by Paul Lennon •
For many anglers, catching a marlin is the pinnacle of fishing and often thought of as an unrealistic target species that’s best left for hardcore anglers with all the gear and big boats. While this could be said when it comes to chasing a blue marlin in 600 fathoms of water 40nm+ off the coast, there are certainly much easier ways to tick a marlin off your bucket list.
This is especially true if you live on the east coast anywhere between central QLD to the south coast of NSW. Every year around spring, black marlin start making their way down the coast, providing amazing fishing opportunities to inshore anglers often within a few miles of land. In some areas, they can even be caught land-based.
If you know what to look for, what to use and when to do it, these fish are not that hard to catch.
Knowing when black marlin are going to show up is the first thing you need to understand, as you won’t catch them if they’re not there. Early in the season, it’s important to keep an eye on reports up the coast. I live at Port Stephens, so I know that if they haven’t shown up at South West Rocks I’m probably wasting my time.
When they do show up, it tends to be in waves over couple of months with water temperatures and bait dictating their movements. Warm bluewater between 21-25°C is ideal for inshore black marlin and sea surface charts will give you a good understanding for where the best water in your area is currently holding. While you will have to pay for access to the most current sea surface temperature sites, it’s worth it to take out much of the guesswork for which direction you should head.
Once you’ve found the water you’re looking for, bait schools are the next thing to further hone in on. Slimy mackerel, yellowtail scad and pilchard schools are the primary food source for inshore black marlin and usually hold around structure, current lines and temperature breaks. A good sounder will not only mark the bait but can also mark up actively feeding marlin.
Gear AND Tackle
Having the right tools for the job is very important for any fishing and marlin fishing is no exception. Mono line is definitively the way to go, as the stretch in the line acts as a shock absorber, especially when the fish jumps. Something like Black Magic IGFA rated line in 10-15kg is spot on when it comes to fishing for black marlin and will subdue even fish approaching 100kg, which are not as uncommon as you might think when fishing inshore.
When that big stubborn fish does come along, even on light tackle it can put the hurt on you. This is where the Black Magic Equaliser Gimbal and Harness comes into play, taking much of the pain away from long fights with pigfish that don’t want to play the game nicely. The new equaliser also has a twin pin system that will accept bent butt rods without any adapters needed.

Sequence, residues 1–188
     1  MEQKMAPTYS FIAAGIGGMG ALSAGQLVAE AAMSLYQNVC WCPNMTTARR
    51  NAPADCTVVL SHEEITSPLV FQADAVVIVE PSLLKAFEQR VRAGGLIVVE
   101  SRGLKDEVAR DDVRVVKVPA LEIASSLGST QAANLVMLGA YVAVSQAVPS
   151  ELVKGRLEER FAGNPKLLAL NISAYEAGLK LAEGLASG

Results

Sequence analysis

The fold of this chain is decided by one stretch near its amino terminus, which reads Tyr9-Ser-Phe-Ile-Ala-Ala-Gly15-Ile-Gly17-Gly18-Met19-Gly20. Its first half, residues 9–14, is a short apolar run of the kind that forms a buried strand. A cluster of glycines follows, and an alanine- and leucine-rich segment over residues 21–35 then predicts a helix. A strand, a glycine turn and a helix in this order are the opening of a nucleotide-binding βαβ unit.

Leaver drag overheads are traditionally favoured for marlin fishing. The main advantage of these reels is the free-spool function, which allows you to disengage a pre-set drag, allowing the marlin to eat the bait with no resistance on the strike. This is very important when trolling live or skip baits on circle hooks, which is the most effective way to catch black marlin.
Once the fish bites, the line pops out of the outrigger clip in free-spool with the ratchet on and then it’s just a matter of pointing the rod at the fish while it’s taking line and gradually applying drag as you lift up on the rod. When done correctly, this gives the best possible hook-up rate for marlin fishing by far. Larger spinning reels with the baitrunner function will also act the same way and are becoming popular alternative options, particularly when fishing with 10kg line.
The best circle hooks to use for inshore live bait trolling are the Black Magic KLT range, as they are the perfect shape and size as well as being super sharp. For inshore black marlin, the 6/0-7/0 size is right on the money. Bridle rigging the baits will keep them alive longest and also limit the chance of the hook getting caught in the bait when the fish strikes. This is done by attaching a short loop of either Dacron or 50lb mono to the hook and using a bait needle to poke it through the clear cartridge in front of the eyes of your slimy mackerel or yellowtail. Once the loop is through the fish, you put the hook through the loop a number of times and secure it about an inch from the fish’s nose. It’s important to not go too heavy on your leader so 60-80lb Black Magic Fluorocarbon Leader fits the bill.
While slow trolling live baits is probably the most effective way to catch inshore marlin, lures also have their place. They are particularly useful when you want to travel to another area but could potentially catch fish between locations. They allow you to cover more ground, as you can troll them much faster than live baits. For inshore fish, skirted lures like the Black Magic Maggot, Flea and Saury ranges are all the perfect size.